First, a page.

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Wendy Reuer, Published April 25 2013

VIDEO: Zoo’s flood shuffle put on hold

WAHPETON, N.D. – Chahinkapa Zoo Director Kathy Diekman was able to take a sigh of relief Thursday, as new forecasts held in predicting the Red River will likely crest here at 15 feet – nearly 4 1/2 feet below the record mark of 19.42 feet in 1997.

She had been preparing for predictions earlier in the week of a crest of more than 16 feet, which would likely have meant moving some animals. The National Weather Service was at one point projecting a 17-foot crest and was forecasting a 16.5 foot crest just two days earlier Tuesday.

Zoo officials were not the only ones to take a sigh of relief in the Wahpeton-Breckenridge area after the prediction was lowered Wednesday.

“We feel very, very comfortable,” Wahpeton Mayor Jim Sturdevant said. “It’s looking good for us.”The higher crest that had been predicted would have required the zoo – which sprawls 18 acres along the Red River – to move 13 species to temporary shelters from their regular habitat between the Red River and an earthen levee built after the 1997 flood.

Despite large snow piles that have yet to melt and kangaroos that saw their first day outdoors Thursday since the onset of winter, the zoo will open as planned Saturday.

“It’s going to be a bit muddy and dirty still, but we’ll be open,” Diekman said.

A delayed opening would have interrupted the school visit schedule in May, when more than 8,000 students will visit the zoo to see its 200 animals from six continents.

In 1997, all animals had to be evacuated and the zoo was shut down until then end of May. Since then, a levee was built cutting the zoo into east and west sides but offering protection from the river up to 16 feet.

While not an easy feat to shuffle wild animals from one place to another, Diekman said the zoo staff has it down to a science after moving animals during floods in 2009, 2010 and 2011 – a maneuver that can be done in an hour.

For the past two years, staff has been working on “training programs’ for the animals, which teach them how to respond to commands to move to dry ground. That way they don’t have to be drugged, Diekman said.

For example, the zoo’s sole rare snow leopard has been trained to enter a small crate on command. If the cat must be moved from its habitat on the east side of the zoo, zookeepers only have to get him in the crate and can carry it over.

The zoo and city officials work together to prepare in case of major flooding. Chahinkapa has become a part of the city’s emergency response plan, Diekman said.

Others areas along the river are even better protected.

Antoinette’s on the River is a café and gift shop that opened less than a year ago in a historic mansion only yards away from the headwaters of the Red River, where the Otter Tail and Bois de Sioux Rivers meet. Co-owner Linda Kutzer said she and partner Brenda Gjesdal haven’t worried much about the rising river.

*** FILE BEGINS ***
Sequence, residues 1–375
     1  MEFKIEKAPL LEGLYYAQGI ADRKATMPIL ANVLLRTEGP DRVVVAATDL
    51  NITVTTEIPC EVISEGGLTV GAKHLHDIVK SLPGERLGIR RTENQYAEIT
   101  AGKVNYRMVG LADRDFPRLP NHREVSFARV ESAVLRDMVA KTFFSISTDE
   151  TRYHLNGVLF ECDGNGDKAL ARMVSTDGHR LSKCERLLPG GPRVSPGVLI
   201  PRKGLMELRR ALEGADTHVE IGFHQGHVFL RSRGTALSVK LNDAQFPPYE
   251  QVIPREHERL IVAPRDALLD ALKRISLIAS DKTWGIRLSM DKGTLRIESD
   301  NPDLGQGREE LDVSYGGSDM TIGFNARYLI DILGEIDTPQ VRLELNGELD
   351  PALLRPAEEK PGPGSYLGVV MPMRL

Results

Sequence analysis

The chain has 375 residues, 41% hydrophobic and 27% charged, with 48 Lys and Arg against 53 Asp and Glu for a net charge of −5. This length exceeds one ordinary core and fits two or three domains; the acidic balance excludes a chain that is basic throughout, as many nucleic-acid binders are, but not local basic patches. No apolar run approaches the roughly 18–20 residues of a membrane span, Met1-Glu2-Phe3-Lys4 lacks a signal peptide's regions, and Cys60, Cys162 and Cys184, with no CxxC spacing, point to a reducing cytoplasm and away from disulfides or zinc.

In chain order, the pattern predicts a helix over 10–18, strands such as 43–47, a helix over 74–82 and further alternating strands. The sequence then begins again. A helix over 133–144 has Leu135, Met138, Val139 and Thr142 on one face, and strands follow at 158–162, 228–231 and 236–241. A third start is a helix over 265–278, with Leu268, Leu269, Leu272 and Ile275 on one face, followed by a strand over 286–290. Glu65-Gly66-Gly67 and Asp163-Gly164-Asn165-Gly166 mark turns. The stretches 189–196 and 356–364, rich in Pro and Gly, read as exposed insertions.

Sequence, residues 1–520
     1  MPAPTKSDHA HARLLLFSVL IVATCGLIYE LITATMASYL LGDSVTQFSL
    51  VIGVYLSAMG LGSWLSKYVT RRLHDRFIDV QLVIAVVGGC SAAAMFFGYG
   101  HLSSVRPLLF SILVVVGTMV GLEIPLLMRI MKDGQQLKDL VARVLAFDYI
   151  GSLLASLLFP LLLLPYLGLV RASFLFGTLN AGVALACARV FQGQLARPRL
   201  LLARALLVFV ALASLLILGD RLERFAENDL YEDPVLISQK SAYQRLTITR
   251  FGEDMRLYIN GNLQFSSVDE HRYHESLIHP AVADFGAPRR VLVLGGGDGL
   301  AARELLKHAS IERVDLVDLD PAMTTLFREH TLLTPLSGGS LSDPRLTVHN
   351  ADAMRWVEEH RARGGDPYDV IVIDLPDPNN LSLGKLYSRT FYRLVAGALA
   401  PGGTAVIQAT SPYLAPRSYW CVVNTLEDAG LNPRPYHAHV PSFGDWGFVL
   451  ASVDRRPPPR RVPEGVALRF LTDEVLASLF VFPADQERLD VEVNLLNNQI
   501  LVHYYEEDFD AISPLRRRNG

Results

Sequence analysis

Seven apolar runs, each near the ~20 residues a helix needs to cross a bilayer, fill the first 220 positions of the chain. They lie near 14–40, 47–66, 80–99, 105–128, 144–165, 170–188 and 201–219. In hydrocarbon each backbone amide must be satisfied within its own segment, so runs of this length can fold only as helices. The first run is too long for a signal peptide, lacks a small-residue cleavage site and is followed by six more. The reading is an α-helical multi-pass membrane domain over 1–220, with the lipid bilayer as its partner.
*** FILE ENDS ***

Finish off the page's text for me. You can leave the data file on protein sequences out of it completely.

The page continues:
Kutzer said the slow melt has helped, but the nearby permanent dike offers protection to 22.5 feet and peace of mind.

Red River flood stage in the Wahpeton area is 10 feet, and major flooding occurs at 14 feet. By Thursday, the river had risen to 12.31 feet.

Forecasters said even if heavy rain hits early next week – a system that could bring up to 2 inches, the weather service has said – it would mean only a small bump back up in the river level.

A 15-foot flood isn’t even in the top 10 historical crests here. In 2009, the Red hit 17.5 feet. In 2010, it was 16.49 feet. In 2011, the crest was 15.69 feet.

Sturdevant said the city did not have to do any additional sandbagging of areas, though it does have about 4,000 filled bags on hand for residents to use as protection around house foundations, if needed. He said few had been picked up by residents by Thursday.

Across the Red River, Breckenridge, Minn., officials will install a temporary flood wall on North Main Street today, said Wilkin County Emergency Management Director Breanna Koval.

“(It’s) just to be safe. Other than that, the city seems to be faring pretty well,” Koval said.

The closure and flood wall is a part of the city’s action plan at a river level of 13.5 feet. The Red is forecast to hit 13 feet today and 14.2 feet Saturday before peaking Sunday and falling to 14.8 feet by Monday.

Koval said the rest of the county is doing “OK” as she and residents monitor overland flooding.

“Most of our culverts that are still plugged were unclogged today,” Koval said. “We’re seeing a lot of ice damming right now, but no major issues thus far.”


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Readers can reach Forum reporter Wendy Reuer at (701) 241-5530